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League of Legends Players Suffered a Cryptojacking

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League of Legends gamers based in the Philippines are tense after it was identified that a malware used the clients’ CPU to mine cryptocurrencies.

League of Legends enjoys a fabulous fame in the online gaming market. As reported by Unranked Smurfs, the game “has an active player base of over 80 million monthly players. Or over 27 million players every single day”.

It seems that the impressive number of players has caught the attention of hackers as a cryptojacking script was identified using computer power to mine crypto assets on a Garena client.

A cryptojacking script is a sequence of code introduced on a website, in this case – a gaming client that allows illegitimate third parties to benefit from users’ CPU in order to mine cryptocurrency.

The malware was set to mine Monero (XMR) – one of the most favorite crypto assets marked by cryptojackers. Fortunately for the players, the problem was rapidly resolved and no users’ computer suffered, according to League of Legends- Philippines’ post on Facebook.

Apart from increased CPU usage, extensive analysis from our security engineers has determined that there is no other impact on affected computers. At July 11, 4:15 AM GMT+8, our security engineers have removed this javascript code and ensure that all users, including those who were previously affected, will no longer encounter this issue.”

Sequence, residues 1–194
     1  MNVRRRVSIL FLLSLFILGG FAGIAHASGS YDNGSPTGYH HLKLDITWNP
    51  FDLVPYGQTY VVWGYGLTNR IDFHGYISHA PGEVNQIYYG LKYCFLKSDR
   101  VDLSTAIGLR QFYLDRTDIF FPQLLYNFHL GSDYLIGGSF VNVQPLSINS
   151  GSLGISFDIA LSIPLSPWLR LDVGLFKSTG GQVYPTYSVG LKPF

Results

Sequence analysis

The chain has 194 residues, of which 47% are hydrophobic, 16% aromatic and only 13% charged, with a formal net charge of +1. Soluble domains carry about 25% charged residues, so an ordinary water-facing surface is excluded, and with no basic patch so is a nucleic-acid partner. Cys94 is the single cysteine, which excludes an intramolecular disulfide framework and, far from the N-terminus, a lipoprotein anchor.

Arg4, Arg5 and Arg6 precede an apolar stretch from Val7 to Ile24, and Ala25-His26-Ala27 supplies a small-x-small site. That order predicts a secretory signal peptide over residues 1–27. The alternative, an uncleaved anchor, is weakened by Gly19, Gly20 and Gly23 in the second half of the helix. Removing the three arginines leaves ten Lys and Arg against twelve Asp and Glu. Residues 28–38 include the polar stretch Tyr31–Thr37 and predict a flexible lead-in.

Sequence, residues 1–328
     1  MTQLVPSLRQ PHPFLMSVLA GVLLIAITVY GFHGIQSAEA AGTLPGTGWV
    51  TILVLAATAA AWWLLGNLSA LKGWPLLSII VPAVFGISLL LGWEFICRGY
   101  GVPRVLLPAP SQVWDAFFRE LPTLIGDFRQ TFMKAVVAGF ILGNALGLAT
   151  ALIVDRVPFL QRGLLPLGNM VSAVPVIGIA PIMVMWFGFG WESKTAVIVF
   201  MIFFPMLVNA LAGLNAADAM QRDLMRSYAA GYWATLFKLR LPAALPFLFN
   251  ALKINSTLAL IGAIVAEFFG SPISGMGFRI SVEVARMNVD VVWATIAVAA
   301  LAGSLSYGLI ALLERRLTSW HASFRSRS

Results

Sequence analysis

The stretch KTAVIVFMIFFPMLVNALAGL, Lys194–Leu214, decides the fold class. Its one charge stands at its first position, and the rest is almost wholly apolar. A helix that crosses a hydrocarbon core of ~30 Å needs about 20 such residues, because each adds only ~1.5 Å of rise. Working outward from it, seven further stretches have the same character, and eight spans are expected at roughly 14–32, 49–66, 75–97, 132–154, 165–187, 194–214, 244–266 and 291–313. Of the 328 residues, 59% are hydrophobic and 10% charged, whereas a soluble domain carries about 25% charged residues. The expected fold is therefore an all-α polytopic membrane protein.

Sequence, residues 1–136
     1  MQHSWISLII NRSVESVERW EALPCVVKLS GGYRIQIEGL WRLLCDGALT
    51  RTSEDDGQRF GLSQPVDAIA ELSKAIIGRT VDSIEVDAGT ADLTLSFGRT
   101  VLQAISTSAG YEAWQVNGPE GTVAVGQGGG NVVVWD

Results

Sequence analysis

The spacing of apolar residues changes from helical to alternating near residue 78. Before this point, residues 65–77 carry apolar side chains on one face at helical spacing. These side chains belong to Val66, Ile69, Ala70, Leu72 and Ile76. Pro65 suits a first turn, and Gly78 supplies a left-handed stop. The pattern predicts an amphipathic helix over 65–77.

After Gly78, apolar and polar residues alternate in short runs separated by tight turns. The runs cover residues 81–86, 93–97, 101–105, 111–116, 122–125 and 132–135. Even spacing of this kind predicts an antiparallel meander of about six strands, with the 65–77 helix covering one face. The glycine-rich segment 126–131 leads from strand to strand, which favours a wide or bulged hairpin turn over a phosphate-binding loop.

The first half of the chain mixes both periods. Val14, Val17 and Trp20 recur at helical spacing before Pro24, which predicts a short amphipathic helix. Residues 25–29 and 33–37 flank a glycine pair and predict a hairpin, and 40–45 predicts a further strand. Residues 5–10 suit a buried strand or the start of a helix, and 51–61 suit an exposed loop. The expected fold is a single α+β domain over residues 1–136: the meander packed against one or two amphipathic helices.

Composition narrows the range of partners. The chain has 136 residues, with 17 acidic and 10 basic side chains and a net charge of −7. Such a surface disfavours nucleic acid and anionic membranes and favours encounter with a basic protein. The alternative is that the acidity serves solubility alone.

The gaming team apologized for the inconveniences created and pointed out that security is one of the key elements that developers call attention to.

However, cryptojacking generated a wave of perplexities about the ease with which a hacker can incorporate malicious code within a famous platform such as Garena. As reported by cybersecurity firm Symantec, the reason why cryptojacking takes place is the lack of entry barriers.

The barrier to entry for coin mining is pretty low – potentially only requiring a couple of lines of code to operate – and coin mining can allow criminals to fly under the radar in a way that is not possible with other types of cybercrime.”

Detections of coinminers on endpoint computers in 2017 surged by 8,500 percent
Source: Symantec

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